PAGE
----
Less than half of the 84,000 Irish firms that trade with the United Kingdom have applied for a customs number to continue doing so even after Brexit, prompting the tax authority to release a warning that they could be cut off if London leaves the European Union without a deal.
Given close trading connections to its nearest neighbour, the customs officials of Ireland are making some preparations for a 12-fold increase in the number of import and export declarations that are made by local firms if the United Kingdom leaves the customs union of the European Union.
With the United Kindom at risk of crashing out of the European Union as soon as next week, Office of the Revenue Commissioners and the government of Ireland urged companies to apply for an Economic Operators Registration and Identification (EORI) number, which will be required in order to continue to move goods to, from or through the United Kingdom.
One of a number of ministers to push the message on social media, Irish Finance Minister Paschal Donohoe, said on Twitter today: “IMPORTANT: Businesses trading with UK will need an EORI customs number in a no deal #Brexit.”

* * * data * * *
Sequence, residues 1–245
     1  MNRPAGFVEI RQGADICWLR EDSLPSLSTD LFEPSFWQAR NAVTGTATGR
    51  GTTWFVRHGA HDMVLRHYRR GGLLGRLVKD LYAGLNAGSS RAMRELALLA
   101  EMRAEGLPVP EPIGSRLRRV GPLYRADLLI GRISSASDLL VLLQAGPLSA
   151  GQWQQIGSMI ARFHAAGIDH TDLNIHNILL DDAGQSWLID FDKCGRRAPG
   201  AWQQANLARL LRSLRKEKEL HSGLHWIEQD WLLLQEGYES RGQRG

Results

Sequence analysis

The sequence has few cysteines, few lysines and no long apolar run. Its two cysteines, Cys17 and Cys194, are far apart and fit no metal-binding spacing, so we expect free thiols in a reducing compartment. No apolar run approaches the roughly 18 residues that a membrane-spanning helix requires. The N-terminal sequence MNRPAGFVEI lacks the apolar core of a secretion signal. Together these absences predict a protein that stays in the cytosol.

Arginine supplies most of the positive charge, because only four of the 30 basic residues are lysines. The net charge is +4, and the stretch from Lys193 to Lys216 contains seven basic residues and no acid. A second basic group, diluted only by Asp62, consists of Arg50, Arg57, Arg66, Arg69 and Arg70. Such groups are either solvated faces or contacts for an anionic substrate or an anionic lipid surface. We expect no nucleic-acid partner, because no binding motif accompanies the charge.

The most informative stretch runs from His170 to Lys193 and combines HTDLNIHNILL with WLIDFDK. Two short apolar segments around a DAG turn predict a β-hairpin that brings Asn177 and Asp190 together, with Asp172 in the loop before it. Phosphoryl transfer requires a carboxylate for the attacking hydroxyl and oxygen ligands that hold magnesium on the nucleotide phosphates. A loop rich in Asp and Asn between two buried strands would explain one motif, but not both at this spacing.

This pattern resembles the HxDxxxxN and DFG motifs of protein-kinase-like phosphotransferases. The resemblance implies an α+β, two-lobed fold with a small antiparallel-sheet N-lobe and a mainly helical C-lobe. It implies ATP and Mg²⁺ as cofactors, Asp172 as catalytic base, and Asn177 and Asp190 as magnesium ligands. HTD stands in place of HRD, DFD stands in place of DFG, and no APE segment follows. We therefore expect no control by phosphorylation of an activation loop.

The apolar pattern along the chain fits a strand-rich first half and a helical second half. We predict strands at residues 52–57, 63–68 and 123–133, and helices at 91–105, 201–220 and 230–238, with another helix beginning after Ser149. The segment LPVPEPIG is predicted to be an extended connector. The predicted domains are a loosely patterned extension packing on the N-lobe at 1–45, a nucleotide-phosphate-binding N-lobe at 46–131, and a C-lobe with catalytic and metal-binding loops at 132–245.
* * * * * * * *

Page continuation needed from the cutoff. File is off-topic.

He added: “Half of those who need it haven’t yet applied. The Government cannot do it for you.”
The Irish government said that it would take the firms just a few minutes to register online. However, Lynda Slattery, the head of the Revenue Commissioners’ Brexit policy unit, said that some companies feel that a non-negotiated Brexit is not going to happen.
Slattery said that the manufacturing and construction sectors did not seem to be engaging with customs officials. She also warned that they will be turned away at ports if the United Kingdom leaves by the 12th of April, then the current deadline, and they do not have the right papers.
In an interview with RTE, an Irish national broadcaster, Slattery stated: “If they are not engaging and they have made this decision, consciously because of the uncertainty, come the 12th or 13th, can their business survive that decision?”
She added: “They need to understand the consequences now of making that decision. If this happens on the 12th, if their goods can’t move, if they haven’t made any preparations, what does that situation look like for them?”
However, the United Kingdom may ask the European Union for a long Brexit delay next week if the crisis negotiations between the government of Prime Minister Theresa May and the opposition Labour Party is not able to find a way out of the impasse.